Figure 1: (Color online) The upper panel shows the Ne potential constructed using the RRKJ method before the tail correction. The inset shows which displays the non-physical tail of the -potential channel for large . The lower panel shows after the tail correction procedure. In the inset, we show the large- behavior of .
Figure 2: (Color online) The upper panel shows the all-electron (solid lines) and the localized pseudo-orbitals (dashed lines) of Ne constructed using the RRKJ method. The lower panel shows the difference in the pseudo-orbitals before and after the localization procedure (scaled by 10).

In this work we follow the Trail and Needs self-consistent approach to localize the ionic pseudopotential trail_needs1 . The localized ionic potential , which is forced to behave as for large , is defined as

(14)

where is the core charge density, is the characteristic distance for the localized to approach , and is the localization radius. For all pseudopotentials, the value of for each -channel is fixed to be the same as the corresponding . is defined as where and are parameters which are chosen to localize the ionic pseudopotential in a self-consistent manner, and is a polynomial function whose explicit form depends on the pseudopotential construction method (see below).

The self-consistent procedure is performed as follows. First, starting with an initial guess for the and parameters, the HF equations with a new ionic potential, as defined in Eq. (14), are solved for a new set of orbitals and eigenvalues. The and parameters are then adjusted to minimize the error in the eigenvalues and logarithmic derivativeslogdernote1 . The procedure is then repeated until and parameters are found that give eigenvalues and logarithmic derivatives that closely match the all-electron values to the desired tolerance.

Finally, we define used in . For the case of Troullier-Martins pseudopotentials, we chose the same form as was used in Ref. trail_needs1 , namely for , and otherwise. For RRKJ pseudopotentials, we investigated a few different forms and found the results to be insensitive to the choices. We will report our results using for , and for .

Figure 3: Amount of the violation of the core norm-conservation for the , , and pseudo-orbitals (in units of  electrons), respectively. There is less than electron shift between the valence and core regions. Pseudopotentials are constructed using the RRKJ (open circles), and TM (closed circles) methods.
Figure 4: Similar to Fig. 3, except that we show the relative error in the logarithmic derivative at from the all-electron values. The relative error is defined as , where and are the logarithmic derivative before and after the localization procedure is applied, respectively. The logarithmic derivative is approximately conserved in the localization procedure.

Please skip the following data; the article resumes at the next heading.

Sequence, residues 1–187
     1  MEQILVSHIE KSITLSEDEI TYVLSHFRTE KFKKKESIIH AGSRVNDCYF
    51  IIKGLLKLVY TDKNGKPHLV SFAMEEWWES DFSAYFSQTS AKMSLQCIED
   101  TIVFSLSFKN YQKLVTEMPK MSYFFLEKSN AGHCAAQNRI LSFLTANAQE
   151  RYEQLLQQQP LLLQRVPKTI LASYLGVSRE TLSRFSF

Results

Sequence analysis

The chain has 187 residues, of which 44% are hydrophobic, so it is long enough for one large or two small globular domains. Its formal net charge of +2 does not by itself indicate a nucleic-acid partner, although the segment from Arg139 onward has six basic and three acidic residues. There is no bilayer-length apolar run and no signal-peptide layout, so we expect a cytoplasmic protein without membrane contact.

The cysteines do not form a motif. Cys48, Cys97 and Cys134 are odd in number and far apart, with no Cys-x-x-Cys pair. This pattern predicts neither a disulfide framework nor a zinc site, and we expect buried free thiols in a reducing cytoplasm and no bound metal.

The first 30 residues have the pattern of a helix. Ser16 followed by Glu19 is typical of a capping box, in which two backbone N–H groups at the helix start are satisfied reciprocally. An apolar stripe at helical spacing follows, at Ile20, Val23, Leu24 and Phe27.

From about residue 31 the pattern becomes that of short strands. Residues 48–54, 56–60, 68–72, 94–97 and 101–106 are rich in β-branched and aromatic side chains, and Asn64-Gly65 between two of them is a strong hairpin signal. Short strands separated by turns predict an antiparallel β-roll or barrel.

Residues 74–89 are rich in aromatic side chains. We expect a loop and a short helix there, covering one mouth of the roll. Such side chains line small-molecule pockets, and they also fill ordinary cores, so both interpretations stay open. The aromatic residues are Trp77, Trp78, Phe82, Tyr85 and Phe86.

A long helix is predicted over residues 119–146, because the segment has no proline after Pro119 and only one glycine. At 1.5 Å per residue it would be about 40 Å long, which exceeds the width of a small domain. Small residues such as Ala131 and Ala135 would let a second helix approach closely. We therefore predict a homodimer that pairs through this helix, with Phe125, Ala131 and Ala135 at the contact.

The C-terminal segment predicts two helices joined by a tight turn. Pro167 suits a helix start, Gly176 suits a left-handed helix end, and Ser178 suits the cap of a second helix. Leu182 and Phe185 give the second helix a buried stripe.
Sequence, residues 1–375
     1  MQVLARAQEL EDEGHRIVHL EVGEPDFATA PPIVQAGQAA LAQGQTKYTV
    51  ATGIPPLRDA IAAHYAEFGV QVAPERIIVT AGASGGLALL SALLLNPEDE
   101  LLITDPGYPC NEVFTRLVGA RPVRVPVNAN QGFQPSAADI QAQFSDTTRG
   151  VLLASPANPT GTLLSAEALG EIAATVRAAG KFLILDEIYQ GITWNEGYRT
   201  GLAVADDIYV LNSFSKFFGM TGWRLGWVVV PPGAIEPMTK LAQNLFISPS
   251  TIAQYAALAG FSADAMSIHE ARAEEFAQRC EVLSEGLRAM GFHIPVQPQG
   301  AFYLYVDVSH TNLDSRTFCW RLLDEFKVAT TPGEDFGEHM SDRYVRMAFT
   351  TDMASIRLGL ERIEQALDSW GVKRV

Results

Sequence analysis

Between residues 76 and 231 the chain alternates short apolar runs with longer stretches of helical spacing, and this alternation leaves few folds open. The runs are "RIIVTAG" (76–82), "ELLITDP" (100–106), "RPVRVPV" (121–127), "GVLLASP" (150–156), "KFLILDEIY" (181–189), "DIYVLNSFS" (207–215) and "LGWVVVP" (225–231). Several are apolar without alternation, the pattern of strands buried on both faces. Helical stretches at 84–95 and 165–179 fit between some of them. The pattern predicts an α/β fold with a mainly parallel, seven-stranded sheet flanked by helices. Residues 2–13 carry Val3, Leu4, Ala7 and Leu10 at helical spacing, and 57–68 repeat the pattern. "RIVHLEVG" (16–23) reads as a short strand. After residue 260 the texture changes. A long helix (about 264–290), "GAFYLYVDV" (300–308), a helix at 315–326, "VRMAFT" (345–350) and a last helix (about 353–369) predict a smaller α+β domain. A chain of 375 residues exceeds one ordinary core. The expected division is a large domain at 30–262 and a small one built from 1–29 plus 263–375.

AE This work/RRKJ This work/TM TM111Ref. trail_needs1 .
Atom
H 0.5000
He 0.8617
Li 0.1963
Be 0.2956
B 0.2915
C 0.3964
N 0.5129
O 0.4368
F 0.5776
Ne 0.7293
Na 0.1819
Mg 0.2428
Al 0.2020
Si 0.2812
P 0.3690
S 0.3317
Cl 0.4335
Ar 0.5430
Average abs. error
Maximum abs. error
Table 2: Ionization energy study of the first- and second-row elements. The first column shows the all-electron ionization energy, while the other columns show the deviation from the AE result. Columns 2 and 3 show the pseudopotential ionization energies as obtained using the original and the localized RRKJ pseudopotentials [Eqs. (13) and (14), respectively]. Columns 4 and 5 show the same values as obtained using the TM method. For comparison, we show also the values obtained by Trail and Needs trail_needs1 . The pseudopotential parameters are summarized in Table 1. We show also the average abs. error for each pseudopotential with respect to the AE values. All energies are in Hartrees.
AE RRKJ TM
Atom
B
C
N
O
F
Al
Si
P
S
Cl
Average abs. error
Maximum abs. error
Table 3: Similar to Table 2, except we show the electron affinity of the first- and second-row elements.

To illustrate the pseudopotential localization procedure, we show in the upper panel of Fig. 1 the pseudopotentials of Ne as constructed using the RRKJ method with the parameters given in Table I. In the lower panel, we show the same Ne pseudopotentials after the self-consistent localization procedure. As can be seen, the differences between the upper and lower panels are rather small, and are in the core as well as in the valence regions. Most of the changes are within the core region, however. The insets show the long-range behavior of . Note, in particular, in the upper panel, the non-decaying tail of the -potential, which can be shown trail_needs1 to behave as for large where and are real numbers.